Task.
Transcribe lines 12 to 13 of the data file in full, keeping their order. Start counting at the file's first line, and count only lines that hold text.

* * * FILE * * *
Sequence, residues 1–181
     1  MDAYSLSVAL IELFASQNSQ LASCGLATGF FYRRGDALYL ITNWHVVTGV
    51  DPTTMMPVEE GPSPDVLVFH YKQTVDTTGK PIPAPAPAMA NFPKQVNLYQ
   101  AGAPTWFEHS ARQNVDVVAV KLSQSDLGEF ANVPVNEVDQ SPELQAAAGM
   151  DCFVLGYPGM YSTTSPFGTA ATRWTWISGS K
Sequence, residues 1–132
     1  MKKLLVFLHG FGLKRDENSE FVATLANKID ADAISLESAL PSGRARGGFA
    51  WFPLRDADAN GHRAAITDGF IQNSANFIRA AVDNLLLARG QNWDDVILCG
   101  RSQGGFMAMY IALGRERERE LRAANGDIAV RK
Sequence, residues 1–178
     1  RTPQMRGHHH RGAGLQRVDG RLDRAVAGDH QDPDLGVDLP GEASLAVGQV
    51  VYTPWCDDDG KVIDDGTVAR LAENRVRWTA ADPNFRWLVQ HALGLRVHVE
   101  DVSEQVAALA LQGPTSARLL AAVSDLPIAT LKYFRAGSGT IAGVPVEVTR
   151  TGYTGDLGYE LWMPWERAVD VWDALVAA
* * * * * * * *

    51  VYTPWCDDDG KVIDDGTVAR LAENRVRWTA ADPNFRWLVQ HALGLRVHVE
   101  DVSEQVAALA LQGPTSARLL AAVSDLPIAT LKYFRAGSGT IAGVPVEVTR